In addition to keeping exercise in your routine, make sure to plan ahead for meals and have your kitchen stocked with healthy foods. It’s all too easy to grab a bag of chips from the pantry or a package of cookies to eat while you’re sitting at your computer, rather than taking a few extra minutes to grab a healthy snack or lunch. One way to ensure you incorporate healthy food choices in your day is to make sure your grocery list includes items like: Fruits, yogurt, granola bars, fresh vegetables with hummus, and make sure they’re easily accessible when those pesky snack cravings hit. Scheduling mealtimes in your day to eat a healthy breakfast and lunch in order to avoid the urge to snack on those sugary treats. This can help to keep your energy levels up and keep those extra pounds from sneaking on. Scheduling time for lunch and snack breaks also provides the opportunity to de-stress and recharge for the rest of the workday.
When seeking to improve your health, remember that wellness is about a lot more than just the physical aspect. Don’t make the mistake of ignoring your mental and emotional well-being. It’s just as important, if not more, as your physical well-being and should definitely be a part of your focus as a remote employee. Being a remote worker can take a toll on your mental health. Your social interactions are reduced, your work is always around, the boundaries between work and family life often become blurred. Many remote workers often feel more pressure to be available around the clock, which can lead to increased stress levels and quickly lead to burnout. One way to avoid this is to make sure you set a daily work schedule in which you are completing your required tasks and responding to emails and strictly adhere to it. There are always those unexpected issues that arise which may require a longer workday, but you need to be sure it isn’t occurring on a daily basis. Making sure you fully disconnect from your work is crucial when your work and home life are blended together and is key to maintaining a healthy lifestyle.
Be sure to set aside a dedicated area for your workspace and commit to using it during work hours. It can be tempting to work from your couch in front of the tv or from your bed, but this often leads to unproductivity and makes it hard to keep the boundaries from blurring. Keep your office area clear from clutter. This will help to reduce your stress and anxiety levels when looking for those all-important meeting notes or other key paperwork. Make sure you have plenty of sunlight to get your daily dose of Vitamin D. If the weather is ideal, open the windows for some fresh air.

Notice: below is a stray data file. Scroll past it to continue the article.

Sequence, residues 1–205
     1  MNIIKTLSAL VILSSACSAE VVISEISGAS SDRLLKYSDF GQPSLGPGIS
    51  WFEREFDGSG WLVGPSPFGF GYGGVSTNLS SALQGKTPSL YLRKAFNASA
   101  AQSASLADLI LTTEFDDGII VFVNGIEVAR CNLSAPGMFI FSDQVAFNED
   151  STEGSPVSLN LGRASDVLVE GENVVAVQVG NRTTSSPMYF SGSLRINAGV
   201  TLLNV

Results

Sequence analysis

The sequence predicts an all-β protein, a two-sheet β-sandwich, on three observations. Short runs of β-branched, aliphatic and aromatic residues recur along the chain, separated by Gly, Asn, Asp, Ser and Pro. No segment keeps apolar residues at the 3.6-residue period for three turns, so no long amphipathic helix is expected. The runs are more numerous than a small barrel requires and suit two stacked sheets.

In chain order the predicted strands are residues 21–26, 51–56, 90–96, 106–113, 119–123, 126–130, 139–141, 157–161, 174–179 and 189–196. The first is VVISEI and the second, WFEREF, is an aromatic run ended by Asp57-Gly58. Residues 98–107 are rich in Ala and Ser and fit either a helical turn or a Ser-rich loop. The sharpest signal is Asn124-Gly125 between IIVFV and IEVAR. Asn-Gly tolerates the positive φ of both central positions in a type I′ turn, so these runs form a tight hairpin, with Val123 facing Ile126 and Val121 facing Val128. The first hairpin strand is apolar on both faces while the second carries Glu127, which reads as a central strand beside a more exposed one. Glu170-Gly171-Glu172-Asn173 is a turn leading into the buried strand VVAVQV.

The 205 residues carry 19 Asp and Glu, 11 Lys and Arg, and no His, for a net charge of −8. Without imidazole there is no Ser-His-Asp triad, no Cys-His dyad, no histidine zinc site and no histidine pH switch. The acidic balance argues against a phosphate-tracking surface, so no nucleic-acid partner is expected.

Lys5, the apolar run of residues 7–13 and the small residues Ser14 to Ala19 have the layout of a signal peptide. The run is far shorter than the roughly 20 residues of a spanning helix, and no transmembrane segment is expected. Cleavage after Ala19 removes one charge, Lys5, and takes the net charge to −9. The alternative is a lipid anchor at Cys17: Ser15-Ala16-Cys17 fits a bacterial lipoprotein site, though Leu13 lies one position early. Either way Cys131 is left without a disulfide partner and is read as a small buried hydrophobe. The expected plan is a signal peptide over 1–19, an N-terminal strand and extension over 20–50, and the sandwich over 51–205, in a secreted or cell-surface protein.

Many remote workers find they spend their entire day working and never leave the house. This can definitely take a toll on your mental health if this becomes your daily routine. It’s especially important for remote workers to make time for social interaction, whether it’s with family, friends, or other social connections. Schedule time to run to Starbucks or a local coffee shop near your house to grab a mid-morning cup of coffee, tea, smoothie or protein shake. Plan a weekly lunch date or happy hour with a friend or fellow remote coworker. Another option is to schedule video conferences on a regular basis with other remote coworkers, your project team, and customers. If your meeting schedule allows, spend a few hours working from the local coffee shop or bookstores offering free WiFi. This can provide a sometimes much needed change of scenery and the opportunity for additional interaction. Human interaction is a key part of your emotional well-being and it shouldn’t be neglected.
Work-life balance is different for everyone and finding what works for you is key to your success both professionally and personally. Incorporating just a few of these things into your daily routine will increase your energy levels, enthusiasm, and ultimately lead to increased productivity and efficiency in the workplace and home, as well as promote your physical and mental well-being. It’s a win-win for both you and your employer!
— Sherri Knipp